Geffrye Almshouses in autumn

Geffrye Almshouses in autumn. Photography: David Clarke and Marcus Leith

Campaigners have praised the Geffrye Museum for “listening and rethinking” plans which would have seen a disused former pub knocked down.

The Marquis of Lansdowne, in Cremer Street, Shoreditch, survived the blitz during the Second World War, but expansion plans from the museum would have seen the Victorian building demolished in a bid to attract more visitors.

However, in May this year, Hackney Council’s planning sub-committee rejected the plans, voting six to two against the proposal.

Geffrye_Museum_campaigners

L-R: William Palin, a trustee of the Spitalfields Trust, celebrating with fellow campaigners Zena Sullivan, Peter Kelly and Nick Pope following Hackney Council’s decision to reject the plans earlier this year. Photograph: Josh Loeb

The museum has announced plans to re-start its £14million development project but will now “integrate the former pub within the overall design”, restoring it for use either as a café or a shop.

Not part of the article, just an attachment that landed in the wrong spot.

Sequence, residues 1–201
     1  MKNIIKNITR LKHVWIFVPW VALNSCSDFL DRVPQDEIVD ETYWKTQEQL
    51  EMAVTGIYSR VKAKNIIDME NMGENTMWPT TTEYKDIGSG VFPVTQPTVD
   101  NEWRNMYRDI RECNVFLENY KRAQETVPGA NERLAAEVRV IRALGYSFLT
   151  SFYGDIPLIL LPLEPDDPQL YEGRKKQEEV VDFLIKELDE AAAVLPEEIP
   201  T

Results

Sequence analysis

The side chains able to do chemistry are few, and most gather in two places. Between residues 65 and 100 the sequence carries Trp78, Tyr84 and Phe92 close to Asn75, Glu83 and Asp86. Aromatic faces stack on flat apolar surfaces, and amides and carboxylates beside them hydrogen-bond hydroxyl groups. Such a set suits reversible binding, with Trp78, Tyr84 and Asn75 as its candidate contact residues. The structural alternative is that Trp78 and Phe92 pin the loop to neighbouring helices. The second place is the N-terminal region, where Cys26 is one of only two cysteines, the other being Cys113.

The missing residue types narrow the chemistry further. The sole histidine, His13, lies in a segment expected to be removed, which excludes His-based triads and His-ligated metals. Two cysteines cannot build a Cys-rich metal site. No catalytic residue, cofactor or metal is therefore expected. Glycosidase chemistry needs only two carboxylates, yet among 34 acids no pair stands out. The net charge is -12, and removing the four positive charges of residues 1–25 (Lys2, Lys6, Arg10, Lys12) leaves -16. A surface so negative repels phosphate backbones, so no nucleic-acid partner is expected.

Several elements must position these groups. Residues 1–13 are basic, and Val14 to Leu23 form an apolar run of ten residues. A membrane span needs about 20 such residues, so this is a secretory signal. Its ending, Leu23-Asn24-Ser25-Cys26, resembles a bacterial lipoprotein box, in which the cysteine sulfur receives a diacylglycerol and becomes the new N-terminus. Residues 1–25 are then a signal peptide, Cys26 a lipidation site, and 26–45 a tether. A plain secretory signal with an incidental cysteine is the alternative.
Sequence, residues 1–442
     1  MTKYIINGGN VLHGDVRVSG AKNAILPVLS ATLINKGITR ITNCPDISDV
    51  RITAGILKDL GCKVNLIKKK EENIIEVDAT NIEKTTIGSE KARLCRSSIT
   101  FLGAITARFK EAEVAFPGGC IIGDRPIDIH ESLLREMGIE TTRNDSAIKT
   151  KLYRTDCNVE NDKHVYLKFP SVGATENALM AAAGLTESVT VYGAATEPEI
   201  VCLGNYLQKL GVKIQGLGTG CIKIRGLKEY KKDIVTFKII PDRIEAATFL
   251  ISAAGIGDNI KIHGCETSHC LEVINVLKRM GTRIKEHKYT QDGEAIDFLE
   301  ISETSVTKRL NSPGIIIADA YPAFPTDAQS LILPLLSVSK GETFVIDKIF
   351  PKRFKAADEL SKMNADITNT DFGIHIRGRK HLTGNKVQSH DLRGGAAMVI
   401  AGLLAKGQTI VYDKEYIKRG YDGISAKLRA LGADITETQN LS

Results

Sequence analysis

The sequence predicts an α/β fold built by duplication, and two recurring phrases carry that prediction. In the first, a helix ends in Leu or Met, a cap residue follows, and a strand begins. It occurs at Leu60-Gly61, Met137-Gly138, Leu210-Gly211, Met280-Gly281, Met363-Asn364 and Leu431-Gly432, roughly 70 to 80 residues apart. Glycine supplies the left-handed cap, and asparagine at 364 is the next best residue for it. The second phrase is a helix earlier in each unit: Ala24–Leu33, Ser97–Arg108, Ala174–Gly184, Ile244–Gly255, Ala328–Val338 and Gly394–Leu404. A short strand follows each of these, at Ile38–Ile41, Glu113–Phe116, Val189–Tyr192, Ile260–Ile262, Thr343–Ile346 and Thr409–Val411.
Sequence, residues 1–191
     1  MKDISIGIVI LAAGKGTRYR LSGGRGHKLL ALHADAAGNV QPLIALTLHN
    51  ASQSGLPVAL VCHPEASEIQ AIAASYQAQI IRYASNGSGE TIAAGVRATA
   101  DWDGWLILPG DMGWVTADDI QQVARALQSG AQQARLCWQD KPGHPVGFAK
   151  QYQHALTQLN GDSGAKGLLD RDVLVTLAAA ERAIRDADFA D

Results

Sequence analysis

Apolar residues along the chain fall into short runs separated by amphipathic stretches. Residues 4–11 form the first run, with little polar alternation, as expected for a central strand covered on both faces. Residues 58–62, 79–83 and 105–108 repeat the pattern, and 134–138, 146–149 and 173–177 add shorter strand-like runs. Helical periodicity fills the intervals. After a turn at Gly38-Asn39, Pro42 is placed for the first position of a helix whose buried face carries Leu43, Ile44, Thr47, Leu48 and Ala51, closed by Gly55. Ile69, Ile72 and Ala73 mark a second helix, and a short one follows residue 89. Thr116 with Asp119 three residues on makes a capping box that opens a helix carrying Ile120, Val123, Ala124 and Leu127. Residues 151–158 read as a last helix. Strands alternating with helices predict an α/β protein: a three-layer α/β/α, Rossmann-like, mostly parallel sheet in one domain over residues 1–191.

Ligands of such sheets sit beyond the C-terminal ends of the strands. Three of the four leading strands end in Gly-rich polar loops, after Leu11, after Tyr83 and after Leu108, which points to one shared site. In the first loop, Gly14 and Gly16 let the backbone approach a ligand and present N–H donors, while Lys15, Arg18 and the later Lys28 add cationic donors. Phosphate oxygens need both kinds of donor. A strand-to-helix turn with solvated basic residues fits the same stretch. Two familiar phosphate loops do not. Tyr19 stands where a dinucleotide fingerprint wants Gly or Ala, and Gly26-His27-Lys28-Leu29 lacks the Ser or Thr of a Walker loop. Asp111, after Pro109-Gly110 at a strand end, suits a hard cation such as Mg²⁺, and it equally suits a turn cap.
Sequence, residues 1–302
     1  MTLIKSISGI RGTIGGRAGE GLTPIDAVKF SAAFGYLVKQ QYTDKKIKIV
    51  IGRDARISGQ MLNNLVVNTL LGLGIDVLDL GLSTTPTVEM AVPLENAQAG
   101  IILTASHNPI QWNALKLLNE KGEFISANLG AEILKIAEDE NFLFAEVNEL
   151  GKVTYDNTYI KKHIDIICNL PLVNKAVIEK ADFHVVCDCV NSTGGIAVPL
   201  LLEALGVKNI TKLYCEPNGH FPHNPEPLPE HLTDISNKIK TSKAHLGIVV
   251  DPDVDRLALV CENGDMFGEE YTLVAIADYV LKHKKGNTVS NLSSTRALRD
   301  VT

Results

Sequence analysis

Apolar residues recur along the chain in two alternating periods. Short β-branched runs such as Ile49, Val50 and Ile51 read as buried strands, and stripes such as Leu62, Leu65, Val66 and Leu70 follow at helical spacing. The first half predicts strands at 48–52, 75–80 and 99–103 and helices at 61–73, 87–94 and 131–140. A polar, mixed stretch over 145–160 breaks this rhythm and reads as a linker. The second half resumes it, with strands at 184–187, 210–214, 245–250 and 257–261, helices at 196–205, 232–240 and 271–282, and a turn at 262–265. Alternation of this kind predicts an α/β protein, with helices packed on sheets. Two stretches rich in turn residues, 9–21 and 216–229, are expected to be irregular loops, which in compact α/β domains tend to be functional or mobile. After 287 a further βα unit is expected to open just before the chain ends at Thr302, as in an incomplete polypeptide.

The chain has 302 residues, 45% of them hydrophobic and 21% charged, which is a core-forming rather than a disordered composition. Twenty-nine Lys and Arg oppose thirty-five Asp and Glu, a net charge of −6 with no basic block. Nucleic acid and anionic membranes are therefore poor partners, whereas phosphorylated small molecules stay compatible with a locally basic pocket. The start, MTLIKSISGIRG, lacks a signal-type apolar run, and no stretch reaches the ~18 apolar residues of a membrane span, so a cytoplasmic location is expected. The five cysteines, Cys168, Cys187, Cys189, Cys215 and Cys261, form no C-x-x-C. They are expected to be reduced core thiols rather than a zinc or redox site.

David Dewing, director of the Geffrye Museum, who had been “bitterly disappointed” at the council’s decision, said: “We are feeling confident and reinvigorated about taking the project forward for the benefit of our visitors in Hackney and beyond.”

A petition, which was launched to save the building from being knocked down, gathered 2,247 signatures.

The Geffrye Museum, which receives over 105,000 visitors a year, plans to submit a new application in 2014 with work projected to begin in 2018.

Related:

Geffrye Museum expansion plans thrown out by Hackney Council


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